If you want to draw a human being accurately, there are many rules we’re told to follow. Rules like: ‘arms don’t bend backwards’, ‘hands have ten fingers’ and ‘people only have two eyes’. The word ‘accuracy’ has a lot of different meanings. While all those previous rules will create a scientifically accurate drawing, they may not create an emotionally accurate drawing. Shirking realism and thinking outside the box allows an artist to better depict emotions like pain, sorrow, and freedom; taking indescribable feelings from the mind and representing them in the physical characteristics of the figures.
Here are five artists bending the rules to tell their truth.
Alex Headlam ︎
You know that part in a horror movie, where the worried parent searches through all the drawings their child has done and, upon seeing the macabre scribbles, figures out they’re a psycho? Well, Alex Headlam’s work kind of looks like those drawings. This is not an insult in any way, shape or form. The free-form imagery the Baltimore-based artist is able to conjure with nothing but a pen and marker is a sight to behold. To effectively make art that looks slap-dash but still beautiful and thought-out is a feat bordering on magic. Headlam’s use of scattered focal points and clashing colours draws the viewer’s eyes all over the page without rhyme or reason, lending an extra sense of insanity and energy to his work.
Frank Dorrey ︎
Frank Dorrey’s work is difficult to describe and even more difficult to define. Dorrey’s portfolio is a series of bright, over-saturated portrait of faces, places and things that look like the results of a bad trip. Another level to the madness is finding out how Dorrey makes his work; on an app called PicsArt on an iPhone 8s. An app that Dorrey describes as ‘like Photoshop but more streamlined.’ He manipulates, cuts, pastes and distorts his original photographs into psychedelic portraits and still-lifes that look like something from the personal collection of a mad man. Whether by a deliberate choice of Dorrey’s or not, his works are reminiscent of many other iconic parts of black culture, like the often imitated airbrush t-shirt or the gaudy and garish album covers of late 90s rap albums; lending them a familiarity that undercuts some of their more freakish qualities.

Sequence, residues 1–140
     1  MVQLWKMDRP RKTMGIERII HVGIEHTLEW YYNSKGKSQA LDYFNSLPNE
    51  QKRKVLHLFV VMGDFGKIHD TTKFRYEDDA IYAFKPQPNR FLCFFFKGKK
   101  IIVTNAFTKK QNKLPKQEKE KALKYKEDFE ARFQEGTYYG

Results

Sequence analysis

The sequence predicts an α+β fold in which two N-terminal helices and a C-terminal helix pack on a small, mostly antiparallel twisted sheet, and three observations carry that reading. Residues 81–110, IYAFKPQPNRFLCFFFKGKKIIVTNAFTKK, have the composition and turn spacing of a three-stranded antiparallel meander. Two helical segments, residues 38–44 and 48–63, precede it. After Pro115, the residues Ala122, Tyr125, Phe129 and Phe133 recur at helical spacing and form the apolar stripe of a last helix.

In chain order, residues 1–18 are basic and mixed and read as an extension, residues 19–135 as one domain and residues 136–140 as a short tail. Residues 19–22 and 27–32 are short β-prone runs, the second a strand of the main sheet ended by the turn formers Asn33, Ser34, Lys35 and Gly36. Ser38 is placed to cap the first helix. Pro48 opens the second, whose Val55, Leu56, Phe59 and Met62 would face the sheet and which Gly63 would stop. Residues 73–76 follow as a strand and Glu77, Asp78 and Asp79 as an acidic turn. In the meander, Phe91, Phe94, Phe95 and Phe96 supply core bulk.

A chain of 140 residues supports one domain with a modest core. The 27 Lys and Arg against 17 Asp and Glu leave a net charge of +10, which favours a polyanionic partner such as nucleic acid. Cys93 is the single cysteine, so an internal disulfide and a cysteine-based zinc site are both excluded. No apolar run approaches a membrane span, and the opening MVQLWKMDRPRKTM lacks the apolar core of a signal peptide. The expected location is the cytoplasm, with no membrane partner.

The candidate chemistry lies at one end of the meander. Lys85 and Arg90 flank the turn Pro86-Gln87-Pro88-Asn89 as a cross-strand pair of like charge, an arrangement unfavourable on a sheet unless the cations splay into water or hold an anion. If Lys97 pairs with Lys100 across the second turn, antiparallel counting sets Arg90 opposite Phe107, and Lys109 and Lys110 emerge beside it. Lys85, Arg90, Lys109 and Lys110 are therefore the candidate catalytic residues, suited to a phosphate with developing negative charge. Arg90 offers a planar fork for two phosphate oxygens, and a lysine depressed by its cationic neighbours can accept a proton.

Freddy Carrasco ︎
Freddy Carrasco is a visual artist based in and working from Tokyo, Japan, whose practice includes illustration, comics, character design, animation and music. Carrasco originally started out studying animation in Toronto before going on to work in the industry but felt hampered by the nature of the industry as, in his own words, “working in animation means being part of a team.” Carrasco’s work will be catnip to anyone who’s a fan of the hyper-specific but ever-popular venn-diagram centre between manga and urban youth culture. Joining the leagues of Tekkonkinkreet, Boondocks and Jet-Set Radio as ‘stuff the cool black kid with the Cowboy Bebop shirt at your community college would probably like’.
Omar Aqil ︎
The figures in Omar Aqil’s digital art are all very pretty. Pretty weird? Yes, but also, just pretty. With sparkly doe eyes and full lips, they could be confused with Bratz dolls. However, unlike a Bratz doll, Aqil’s characters are lude and very (very) queer. Aqil instils an eccentric sensuality to the inhabitants of their drawings by twisting them into provocative pretzels with rubber-hose limbs seemingly without joints or bones. Their bodies are fluid and anything but straight. I’m sure there’s an allegory in there, but I can’t quite place it.
Shadi Al-Atallah ︎
Shadi Al-Atallah is an artist based in London, known for their large, eclectic, figurative paintings. Al-Atallah also practices as an illustrator, working on a smaller scale both digitally and on paper and has most notably been commissioned by Kanye West to illustrate the artwork of two single covers as well as artwork for a YEEZY t-shirt collection. Al-Atallah’s works burst from the page with intense dynamism, depicting dark, silhouetted characters splayed across the canvas in wild and suggestive poses. The unreality of the figures allows them to be more human than actual humans. Representing a raw animality that we often feel but don’t present—pure id; dancing, eating, and laughing without pride or pretence.